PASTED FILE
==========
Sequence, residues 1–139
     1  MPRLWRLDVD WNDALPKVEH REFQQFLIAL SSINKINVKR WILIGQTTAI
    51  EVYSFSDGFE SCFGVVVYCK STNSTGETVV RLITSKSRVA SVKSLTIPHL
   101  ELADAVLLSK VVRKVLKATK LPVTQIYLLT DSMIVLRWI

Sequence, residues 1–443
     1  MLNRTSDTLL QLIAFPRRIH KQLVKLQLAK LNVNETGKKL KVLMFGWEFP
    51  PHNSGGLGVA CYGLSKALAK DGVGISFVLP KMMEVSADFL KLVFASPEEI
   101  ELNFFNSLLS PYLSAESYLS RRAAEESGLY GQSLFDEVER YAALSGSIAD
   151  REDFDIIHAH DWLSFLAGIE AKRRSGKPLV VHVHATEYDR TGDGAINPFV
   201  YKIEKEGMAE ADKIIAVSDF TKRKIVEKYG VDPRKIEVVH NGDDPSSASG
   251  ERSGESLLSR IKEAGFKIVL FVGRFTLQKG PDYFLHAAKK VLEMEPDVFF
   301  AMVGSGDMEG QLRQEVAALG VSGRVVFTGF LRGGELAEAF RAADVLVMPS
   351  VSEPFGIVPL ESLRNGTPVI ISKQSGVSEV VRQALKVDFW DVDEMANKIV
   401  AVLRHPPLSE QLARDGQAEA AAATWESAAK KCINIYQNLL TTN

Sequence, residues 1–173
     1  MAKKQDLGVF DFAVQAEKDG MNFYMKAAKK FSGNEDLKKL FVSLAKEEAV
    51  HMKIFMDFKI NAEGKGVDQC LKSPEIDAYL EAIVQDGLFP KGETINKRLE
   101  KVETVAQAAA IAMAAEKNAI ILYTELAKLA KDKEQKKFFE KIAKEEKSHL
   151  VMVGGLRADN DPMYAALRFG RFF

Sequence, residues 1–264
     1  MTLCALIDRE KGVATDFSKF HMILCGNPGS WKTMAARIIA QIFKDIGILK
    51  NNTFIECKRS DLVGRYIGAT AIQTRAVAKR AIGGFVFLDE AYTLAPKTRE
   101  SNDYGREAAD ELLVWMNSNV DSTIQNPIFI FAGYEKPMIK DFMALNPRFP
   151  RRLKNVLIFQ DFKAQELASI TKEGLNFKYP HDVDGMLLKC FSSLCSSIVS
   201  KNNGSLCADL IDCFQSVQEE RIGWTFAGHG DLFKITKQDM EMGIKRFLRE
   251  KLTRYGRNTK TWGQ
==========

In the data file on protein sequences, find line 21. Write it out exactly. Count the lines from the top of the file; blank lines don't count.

     1  MTLCALIDRE KGVATDFSKF HMILCGNPGS WKTMAARIIA QIFKDIGILK